What Is the Normal Size for a Uterus - Do you have Enlarged Uterus?
The uterus is the organ in which the gestation of new life is carried out. It is the largest area within the apparatus of the female reproductive system. It is no secret that a healthy uterus is essential, not only for a normal pregnancy but also to ensure the well-being of the female body. And an important aspect on which to be clear is the standard measures of this organ, which partly reflects that this is in good condition. The size of the uterus it is 49.6 x 40.6 mm on average, although it varies depending on the age of a woman. That is why we at oneHOWTO explain what is the normal size of a uterus.
What is the role of the uterus
The uterus or womb is the organ responsible for the gestation of the foetus. It is in this area that the egg, fertilized by sperm, will attach itself and stay for almost 40 weeks, growing until the time of birth. Every month, the walls of the uterus thicken to prepare for implantation. When implantation does not occur, the walls are shed, releasing blood, which is the period.
What is the normal size for a uterus
The size of the uterus varies over time, changing over infancy and puberty, reaching its definitive length when puberty ends. Once puberty has ended, we find different sized uterus, which are classified as follows:
- Nulliparous uterus: A nulliparous uterus is one that has never exceeded a 20 week pregnancy. A woman with a nulliparous uterus will have a smaller uterus than one with a multiparous uterus.
- Multiparous uterus: A multiparous uterus defines one that has carried more than one pregnancy through, or has at least exceeded 20 weeks gestation. The more pregnancies, the larger the uterus
The normal size for a uterus fluctuates between 6 and 9 cm in length or height, 3 and 4 cm (1.25 and 1.5 in) in width and between 2 and 3 centimeters (0.75 and 1.25 in) in thickness. This may vary slightly depending on the number of pregnancies a woman may have gone through or the stage of life in which she is, however it is important that it is maintained within those rough measurements.
What conditions affect the size of the uterus
Having a normal sized uterus is an indication of good health and suggests that this organ is in good shape. There are several gynaecological conditions that may affect the size of the uterus making it smaller or larger, notable among these are:
- Obviously, the uterus will grow during pregnancy. More specifically, its growth will start during the first trimester, typically during week 12 of pregnancy, and will even move upwards as it no longer fits in the pelvis area. In fact,gynecologists will often refer to the size of a uterus of a pregnant person referring to the months of the fetus. For example, a uterus measuring 32 centimeters is a 32 week uterus. A uterus takes around six weeks to return to its original size, though you should take into account it may not return to its nulliparous state.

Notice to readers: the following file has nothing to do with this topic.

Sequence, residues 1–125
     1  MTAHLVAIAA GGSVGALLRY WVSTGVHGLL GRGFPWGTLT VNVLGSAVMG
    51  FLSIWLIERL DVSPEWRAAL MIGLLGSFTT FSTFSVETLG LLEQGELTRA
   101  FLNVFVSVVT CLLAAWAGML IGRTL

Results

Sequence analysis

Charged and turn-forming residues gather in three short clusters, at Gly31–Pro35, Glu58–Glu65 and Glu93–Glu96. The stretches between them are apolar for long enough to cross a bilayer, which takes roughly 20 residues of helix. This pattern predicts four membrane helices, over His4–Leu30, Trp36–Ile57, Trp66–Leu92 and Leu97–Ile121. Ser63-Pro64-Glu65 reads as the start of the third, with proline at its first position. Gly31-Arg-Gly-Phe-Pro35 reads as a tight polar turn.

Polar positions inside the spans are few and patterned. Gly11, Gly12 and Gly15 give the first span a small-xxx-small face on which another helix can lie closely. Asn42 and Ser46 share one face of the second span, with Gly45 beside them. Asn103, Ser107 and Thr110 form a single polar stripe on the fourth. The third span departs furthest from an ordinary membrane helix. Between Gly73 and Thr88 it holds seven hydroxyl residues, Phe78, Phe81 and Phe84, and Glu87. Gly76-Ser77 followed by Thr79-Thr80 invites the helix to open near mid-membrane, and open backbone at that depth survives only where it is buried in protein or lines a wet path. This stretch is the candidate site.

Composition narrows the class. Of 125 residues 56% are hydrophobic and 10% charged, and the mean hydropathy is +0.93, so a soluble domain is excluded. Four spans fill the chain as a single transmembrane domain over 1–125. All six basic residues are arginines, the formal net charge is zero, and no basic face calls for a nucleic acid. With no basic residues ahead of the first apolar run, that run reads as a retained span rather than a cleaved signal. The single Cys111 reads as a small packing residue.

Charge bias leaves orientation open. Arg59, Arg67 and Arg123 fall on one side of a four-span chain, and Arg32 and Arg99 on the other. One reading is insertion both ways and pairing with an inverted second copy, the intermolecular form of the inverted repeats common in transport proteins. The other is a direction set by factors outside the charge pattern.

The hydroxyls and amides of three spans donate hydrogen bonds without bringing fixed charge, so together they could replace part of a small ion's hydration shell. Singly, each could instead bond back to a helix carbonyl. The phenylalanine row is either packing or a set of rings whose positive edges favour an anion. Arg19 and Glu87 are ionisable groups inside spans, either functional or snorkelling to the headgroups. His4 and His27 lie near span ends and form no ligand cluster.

- Menopause, due to the hormone imbalance which it produces it leads to reduction in uterus size.
- Thickening of the uterus wall, or Endometrial hyperplasia.
- Uterine prolapse, which generates a decrease in its dimensions.
- Cysts or fibromas in the womb, which alter its size.
- Adenomyosis, when endometrial begins to grow in the outer layer of the uterus, namely in the myometrium, increasing its size.
If you have had irregular periods, with little bleeding or excessive bleeding, the absence of periods without a pregnancy or frequent delays, it is recommended you visit a gynaecologist for a check up.
Why do I have an enlarged uterus?
An enlarged uterus size is generally considered when it exceeds 9 cm x 4 x 3 cm. Women over 30 and those who have undergone a c-section are more prone to an enlarged uterus. Although you should go to the gynecologist to confirm the underlying reason behind an enlarged uterus, at oneHOWTO we'd like to let you know about the reasons for an enlarged uterus, according to the department of Radiology at Kyoto University:
- Fibroids: These are tumors that are completely benign. They grow on the uterus wall, although they can also cause certain pain and bleeding. Women who are overweight and over 30 are more prone to the fibroid development.
- Adenomyosis: This is the medical name given to the thickening of the muscles in the uterus. Longer menstrual cycles, painful intercourse and periods are all symptoms of adenomyosis. Although the source of the problem has not yet been proven, several sources indicate that it is due to an increase in estrogen levels. This condition is more likely in women with a multiparous uterus.
- Endometrial or Uterine cancer: A high increase in estrogen levels can also cause endometrial cancer. In this case, you will notice pelvic pain, blood in your discharge (not your period and pain during intercourse. On the other hand uterine cancer is defined by very similar symptoms and can be caused by the presence of HPV.
If you have an enlarged uterus, make sure you have a CT scan and an ultrasound so your gynecologist can discard any serious conditions.
This article is merely informative, oneHOWTO does not have the authority to prescribe any medical treatments or create a diagnosis. We invite you to visit your doctor if you have any type of condition or pain.
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- Merz, Emily, et al. "Sonographic size of uterus and ovaries in pre‐and postmenopausal women." Ultrasound in Obstetrics & Gynecology 7.1 (1996): 38-42.
- Langlois, P. L. "The size of the normal uterus." The Journal of reproductive medicine 4.6 (1970): 220.
- Togashi, Kaori, et al. "Enlarged uterus: differentiation between adenomyosis and leiomyoma with MR imaging." Radiology 171.2 (1989): 531-534.